In recent times the talk of growth stocks has almost taken over the whole idea of value. What differentiates them from value stocks? Very briefly — as the name suggests, growth stocks are shares of companies whose earnings are expected to grow at a rate higher than the market rate. Value stocks on the other hand are the ones which are available below their intrinsic value of true worth.
In the first case the investor is betting on a high future progress which he hopes will translate into an inflated share price while in the second case, the intention is to buy the share as it has temporarily fallen below its true worth and with time it will start trading higher again. The reason for such temporary fall in price could be any — setback in business plans, general slowdown in economy, increasing competition etc. An investor must be careful to ensure that the fall in price, offers true value (i.e. that it is not a ‘value trap’). In other words, the fall is due to a curable problem and once cured, the share will trade higher. For example — in case of increased competition, if the company is likely to withstand the competition and emerge as a leader, then the fall in price may sure offer value, if not, there is a genuine case of loss of market position and diminished value.
Blue Chip Vs Growth Stocks
The term ‘blue-chip’ is used for stocks of well established companies with a strong financial position which have consistently improved their earnings and have withstood many economic downturns. Value investors in particularly look to buy blue-chips when there price falls below their intrinsic value — the concept of value investing.
What differentiates growth stocks is the very rule of investing which puts emphasis on future earnings rather than current price which is why they often command high price earnings multiple (PE). In other words, growth investors buy in anticipation of future progress, even though such progress may be unprecedented in the previous track record of that particular company.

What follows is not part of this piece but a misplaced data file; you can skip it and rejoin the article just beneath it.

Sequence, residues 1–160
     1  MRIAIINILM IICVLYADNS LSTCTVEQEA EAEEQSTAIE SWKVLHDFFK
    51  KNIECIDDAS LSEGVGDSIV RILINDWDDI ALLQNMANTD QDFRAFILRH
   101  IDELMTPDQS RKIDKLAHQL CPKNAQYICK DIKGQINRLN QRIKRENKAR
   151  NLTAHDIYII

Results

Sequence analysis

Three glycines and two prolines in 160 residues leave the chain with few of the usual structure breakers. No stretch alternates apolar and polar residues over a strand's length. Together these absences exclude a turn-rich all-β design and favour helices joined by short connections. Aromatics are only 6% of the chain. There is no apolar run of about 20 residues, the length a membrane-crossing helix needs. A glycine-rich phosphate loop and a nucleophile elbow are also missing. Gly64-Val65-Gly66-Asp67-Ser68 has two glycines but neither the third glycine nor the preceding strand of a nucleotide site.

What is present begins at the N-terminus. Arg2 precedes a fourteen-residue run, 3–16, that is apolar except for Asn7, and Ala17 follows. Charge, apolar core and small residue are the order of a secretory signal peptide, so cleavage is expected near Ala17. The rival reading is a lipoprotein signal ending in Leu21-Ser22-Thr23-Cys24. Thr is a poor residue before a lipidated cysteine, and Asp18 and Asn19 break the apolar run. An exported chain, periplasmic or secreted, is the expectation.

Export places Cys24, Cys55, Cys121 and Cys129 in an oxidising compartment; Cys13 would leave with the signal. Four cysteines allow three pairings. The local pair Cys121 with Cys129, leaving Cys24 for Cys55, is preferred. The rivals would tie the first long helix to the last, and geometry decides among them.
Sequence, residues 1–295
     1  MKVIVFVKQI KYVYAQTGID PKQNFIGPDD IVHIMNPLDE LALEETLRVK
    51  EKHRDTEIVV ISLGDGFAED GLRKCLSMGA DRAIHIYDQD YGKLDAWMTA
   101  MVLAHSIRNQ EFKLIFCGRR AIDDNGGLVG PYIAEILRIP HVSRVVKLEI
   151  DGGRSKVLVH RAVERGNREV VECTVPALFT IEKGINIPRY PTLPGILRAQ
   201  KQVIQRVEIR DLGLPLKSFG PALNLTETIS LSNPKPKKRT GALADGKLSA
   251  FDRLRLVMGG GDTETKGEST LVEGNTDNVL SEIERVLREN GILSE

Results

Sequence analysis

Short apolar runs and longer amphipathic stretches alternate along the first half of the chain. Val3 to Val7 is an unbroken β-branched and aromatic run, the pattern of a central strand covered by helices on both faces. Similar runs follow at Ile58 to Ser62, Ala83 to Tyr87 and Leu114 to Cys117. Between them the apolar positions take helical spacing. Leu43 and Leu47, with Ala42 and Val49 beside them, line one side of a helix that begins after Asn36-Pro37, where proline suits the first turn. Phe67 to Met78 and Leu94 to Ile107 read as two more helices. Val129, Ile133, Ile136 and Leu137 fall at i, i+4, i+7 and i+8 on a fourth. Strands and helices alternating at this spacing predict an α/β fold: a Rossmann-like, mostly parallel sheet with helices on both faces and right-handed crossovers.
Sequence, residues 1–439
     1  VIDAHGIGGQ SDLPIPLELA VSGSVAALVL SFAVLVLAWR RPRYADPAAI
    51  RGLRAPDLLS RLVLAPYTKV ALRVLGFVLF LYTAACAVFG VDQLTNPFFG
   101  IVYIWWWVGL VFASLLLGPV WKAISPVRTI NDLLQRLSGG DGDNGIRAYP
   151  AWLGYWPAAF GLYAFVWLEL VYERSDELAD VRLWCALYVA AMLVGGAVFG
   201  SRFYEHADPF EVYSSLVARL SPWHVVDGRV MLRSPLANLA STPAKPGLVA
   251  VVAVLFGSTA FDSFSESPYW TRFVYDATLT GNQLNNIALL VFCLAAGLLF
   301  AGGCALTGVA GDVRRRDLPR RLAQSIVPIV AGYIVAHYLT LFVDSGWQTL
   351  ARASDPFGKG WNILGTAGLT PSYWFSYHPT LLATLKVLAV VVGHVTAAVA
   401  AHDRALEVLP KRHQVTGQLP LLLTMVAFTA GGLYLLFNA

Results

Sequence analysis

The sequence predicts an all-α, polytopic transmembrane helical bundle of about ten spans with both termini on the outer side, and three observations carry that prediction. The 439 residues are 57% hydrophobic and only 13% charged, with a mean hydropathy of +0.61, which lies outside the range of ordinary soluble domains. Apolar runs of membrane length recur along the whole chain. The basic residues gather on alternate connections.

Benjamin Graham, in his book Security Analysis spoke of individual growth as basis of selection. Stressing on the element of selectivity he stressed that certain favored companies grow steadily and could hence be brought as long-term investments. The earnings of such companies move forward from (economic) cycle to cycle and are only interrupted by periodic business depressions. The book delves further into an investigation of what constitutes a growth company and – (i) how investors can identify them; as also (ii) how to assess the right price to pay for them.
One distinction which the book did not make was of – blue chip vs. growth stock beyond stating that:
“Choosing newer companies with short record of expansion, an investor runs the risk of being deceived by temporary prosperity; and if he chooses enterprises that have advanced through several business cycles, he may find this apparent strength to be the harbinger of coming weakness”.
Much as I find, Security Analysis one of my all time favorite books on finance, I must admit that the world has changed dramatically since the time the first edition of this book was written. These days it is increasingly becoming hard to spot the companies which will keep getting better from cycle to cycle. Technology has the ability to kill a 100 year old company in literally a few months time. The perfect case in point is Mahanagar Telephone Nigam (MTNL) — considered as one of the best stocks for long term bets of the bluest eyed boys in the asset management world. Along came Airtels, reliances, Vodafones etc., and MTNL is not so favorite anymore. And I thought at one time it was a “buy and forget” kind of share? Further, economic cycles have become short (In the last 12 years, India has seen 3 purported recessions and 2 equity market booms), so the whole notion of cycle to cycle, begs the question ever more – how many cycles? ITC (the cigarette company), Colgate (the toothpaste maker) and Maruti (the car maker) are likely to lose market share more quickly today than it was even imaginable until a few decades ago.
Final Word–Pay more attention to future than the past record
Coming back to the blue chip vs. growth stock debate – While I believe that latter are likely to grow more aggressively (given that they have not grown as big as a blue-chip company and hence have a lot more room for expansion), there is no reason why they should be considered any riskier than a blue chip. If you have faith in your stock selection criteria and your expectations of future; and if in your opinion the current price is justified – go ahead and buy into that growth.
Nicely explained. You should give some examples too.